Portland Marine Terminal Upgraded for Soda Ash Exports

With the installation of a new ship loader, removal of an outmoded structure and dredging alongside the docks, Kinder Morgan’s soda ash export facility at the Port of Portland’s Terminal 4 will boost efficiency and set the stage for growth. The work is now underway, and slated to be complete in September.


Soda ash, also known as trona, is used in the manufacture of glass and detergents, and it is exported through Portland to countries around the world. It is mined in Green River, Wyoming – home of the largest known naturally occurring deposits in the world.


The high quality product arrives in Portland loaded on unit trains of over 100 cars in length, where it is then stored in a covered structure until it is loaded onto bulk cargo ships via a ship loader conveyor system. That ship loader portion of the conveyor system is being replaced by a state of the art, high capacity loader that will increase productivity and overall efficiency.


Kinder Morgan has managed soda ash export operations at Terminal 4 since 1998 – and under a different name when the mineral bulk facility was originally constructed in 1987. The product is exported by ANSAC, which stands for the American Natural Soda Ash Corporation. ANSAC is the largest soda ash exporter in the world, operating as the sales, marketing and logistics arm for three leading producers of natural soda ash in the United States.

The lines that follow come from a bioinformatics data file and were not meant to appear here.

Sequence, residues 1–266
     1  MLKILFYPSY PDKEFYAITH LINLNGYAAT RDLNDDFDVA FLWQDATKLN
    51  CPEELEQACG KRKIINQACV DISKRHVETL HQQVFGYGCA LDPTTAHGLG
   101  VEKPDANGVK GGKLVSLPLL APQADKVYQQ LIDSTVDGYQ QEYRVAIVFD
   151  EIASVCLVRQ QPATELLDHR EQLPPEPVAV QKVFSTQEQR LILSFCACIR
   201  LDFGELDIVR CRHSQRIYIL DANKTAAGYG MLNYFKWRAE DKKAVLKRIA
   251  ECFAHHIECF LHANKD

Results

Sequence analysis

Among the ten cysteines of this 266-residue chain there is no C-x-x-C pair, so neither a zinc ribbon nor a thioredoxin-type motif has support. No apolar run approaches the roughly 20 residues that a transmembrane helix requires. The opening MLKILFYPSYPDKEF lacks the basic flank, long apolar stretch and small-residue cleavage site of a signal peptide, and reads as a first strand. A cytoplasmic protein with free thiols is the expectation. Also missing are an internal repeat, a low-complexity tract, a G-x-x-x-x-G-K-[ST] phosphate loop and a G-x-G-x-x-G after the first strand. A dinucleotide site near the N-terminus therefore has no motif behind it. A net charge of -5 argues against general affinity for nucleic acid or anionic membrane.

When negotiating a 10 year lease extension with two five year options, effective January 1, 2013, Kinder Morgan committed to purchase and install the new ship loader at Terminal 4. This private investment is estimated to total $9.5 million.


In February, Port Commissioners also voted to award a $715,000 contract to Advanced American Construction, Inc., for the removal of an antiquated Dravo bulk unloader at Terminal 4 and a pair of outmoded cranes at Terminal 6. Previously used for unloading bulk products, the Dravo has not been used since the mid-1990s. On the morning of April 20, it collapsed as crews were dismantling the structure, but thankfully nobody was injured.  Removal of the massive equipment eliminates a liability and increases the usable footprint for the operation.


In September, maintenance dredging is scheduled at the ship berths to allow unimpeded access for ships leaving the terminal fully loaded. Since 2008, about 5,000 cubic yards of new sediments have accumulated to the degree that its 40-foot operating depth is close to being compromised. This work is being conducted under contract by the Port, per the Port’s lease agreement with Kinder Morgan.


These projects follow the recent completion of road and rail projects in Rivergate Industrial District, as well as hundreds of millions of dollars in private investment at port facilities up and down the Columbia/Willamette river system. The Port recently announced plans by tenants to expand facilities at the Auto Warehousing Company facility at Terminal 6 and the Columbia Grain facility at Terminal 5.